"It is not so much the pain and suffering of life which crushes the individual as it is its meaninglessness and hopelessness." C. A. Elwood

“It is not the function of religion to answer all the questions about God’s moral government of the universe, but to give one courage, through faith, to go on in the face of questions he never finds the answer to in his present status.” TPC: Harold B. Lee 223

"I struggle now with establishing my faith that God may always be there, but may not always need to intervene" Heber13

User avatar
DarkJedi
Posts: 5664
Joined: 24 Aug 2013, 20:53

Re: An excellent viewpoint on prayer...

Post by DarkJedi » 29 Oct 2017, 17:39

nibbler wrote:
29 Oct 2017, 11:03
I'll borrow from Qingyuan Weixin. Before I had studied Mormonism for thirty years, I saw prayer as prayer. When I arrived at a more intimate knowledge, I came to the point where I saw that prayer was not prayer. But now that I have got its very substance, I am at rest. For it’s just that I see prayer once again as prayer.

I think this essay can help people see prayer as prayer. What of the people that see prayer as not prayer? What of the people that see prayer once again as prayer?
I can relate to this. Before joining the church in the dark ages I was a member of and regularly attended another church (at least in the months immediately prior to joining). In that church I never heard prayer referred to in the way it was in the LDS church. I wasn't much of a praying guy back then, but neither ministers nor members there really talked about answers to prayers. Prayers were said in church and it was clear that some members there prayed outside church. I had also visited other churches and made similar observations. Answers to prayers, indeed even asking for things in prayers, was a new concept to me at that point. However, I soon fell in with the LDS teachings on prayers even though I never really felt as though I was ever getting answers to my prayers. I chalked most of it up to the "yes/no/not now" thing, but it was always in the back of my mind. Then along came my faith crisis where it became quite clear that those other things, including some of the ideas expressed in OP essay, were just plain bunk (from my point of view). I stopped praying altogether for some time (years). Over the years I have talked candidly with members of other churches about prayer and it seems they are much like those I knew in my former church - answers as we seem to expect in the LDS universe are not something they expect or can even relate to. Today I'm not much of a praying guy, I don't ask for things in prayers, and I don't expect any answers when I do pray (which is not daily and sometimes not even weekly). I do sometimes (not always, but often) feel peace when I pray, but that's it. I suppose I could say as Qingyuan Weixin (and I don't know who that is) that I once again see prayer as prayer. And it's OK with me that it is what it is. And of course these ideas about prayer fit my more Deist view of God.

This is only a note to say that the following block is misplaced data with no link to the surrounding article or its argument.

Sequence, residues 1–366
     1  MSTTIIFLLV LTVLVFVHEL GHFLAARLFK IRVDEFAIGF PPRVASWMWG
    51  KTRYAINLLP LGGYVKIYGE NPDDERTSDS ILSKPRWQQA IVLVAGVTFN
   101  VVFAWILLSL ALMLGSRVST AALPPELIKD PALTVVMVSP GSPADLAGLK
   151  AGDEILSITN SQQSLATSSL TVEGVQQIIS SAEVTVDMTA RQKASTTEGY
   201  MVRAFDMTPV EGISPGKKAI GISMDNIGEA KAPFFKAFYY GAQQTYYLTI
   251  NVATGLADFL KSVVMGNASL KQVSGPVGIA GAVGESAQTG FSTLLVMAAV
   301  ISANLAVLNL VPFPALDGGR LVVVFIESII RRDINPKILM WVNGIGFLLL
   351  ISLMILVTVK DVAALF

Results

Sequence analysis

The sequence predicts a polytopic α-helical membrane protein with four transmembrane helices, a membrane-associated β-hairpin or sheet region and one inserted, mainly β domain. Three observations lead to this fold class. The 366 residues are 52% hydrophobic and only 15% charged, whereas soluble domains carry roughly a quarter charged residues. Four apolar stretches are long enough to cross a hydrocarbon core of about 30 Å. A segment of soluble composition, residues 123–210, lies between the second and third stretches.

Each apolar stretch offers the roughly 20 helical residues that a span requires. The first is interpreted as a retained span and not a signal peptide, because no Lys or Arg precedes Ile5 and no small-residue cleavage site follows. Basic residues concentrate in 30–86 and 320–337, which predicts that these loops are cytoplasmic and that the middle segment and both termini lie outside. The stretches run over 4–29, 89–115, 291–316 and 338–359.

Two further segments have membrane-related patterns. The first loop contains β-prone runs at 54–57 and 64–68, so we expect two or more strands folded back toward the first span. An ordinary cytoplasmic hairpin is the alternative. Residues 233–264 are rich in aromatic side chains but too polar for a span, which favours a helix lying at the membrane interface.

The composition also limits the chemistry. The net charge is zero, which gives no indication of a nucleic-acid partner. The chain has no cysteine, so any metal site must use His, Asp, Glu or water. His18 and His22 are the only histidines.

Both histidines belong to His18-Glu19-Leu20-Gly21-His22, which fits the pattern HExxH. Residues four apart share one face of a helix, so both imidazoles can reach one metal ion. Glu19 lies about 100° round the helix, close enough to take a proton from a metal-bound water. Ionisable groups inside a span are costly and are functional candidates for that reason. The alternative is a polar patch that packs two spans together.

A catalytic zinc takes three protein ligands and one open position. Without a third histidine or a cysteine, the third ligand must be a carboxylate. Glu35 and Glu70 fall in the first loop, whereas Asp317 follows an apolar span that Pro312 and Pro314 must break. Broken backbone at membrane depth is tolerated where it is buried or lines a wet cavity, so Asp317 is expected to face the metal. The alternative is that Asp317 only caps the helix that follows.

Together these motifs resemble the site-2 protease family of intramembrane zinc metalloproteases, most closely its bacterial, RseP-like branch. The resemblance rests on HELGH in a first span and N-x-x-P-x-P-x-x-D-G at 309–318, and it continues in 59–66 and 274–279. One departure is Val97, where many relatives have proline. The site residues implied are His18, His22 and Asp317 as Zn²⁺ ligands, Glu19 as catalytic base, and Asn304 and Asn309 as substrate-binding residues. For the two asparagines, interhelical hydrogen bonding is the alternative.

In the absence of knowledge or faith there is always hope.

Once there was a gentile...who came before Hillel. He said "Convert me on the condition that you teach me the whole Torah while I stand on one foot." Hillel converted him, saying: That which is despicable to you, do not do to your fellow, this is the whole Torah, and the rest is commentary, go and learn it."

My Introduction

User avatar
nibbler
Posts: 3442
Joined: 14 Nov 2013, 07:34
Location: Ten miles west of the exact centre of the universe

Re: An excellent viewpoint on prayer...

Post by nibbler » 29 Oct 2017, 18:07

The teachings about using prayer to ask for things was a new concept for me as well. All these years later, I read Jesus' "after this manner pray ye..." and I wonder where this wish list/looking for answers to specific questions on life choices culture came from.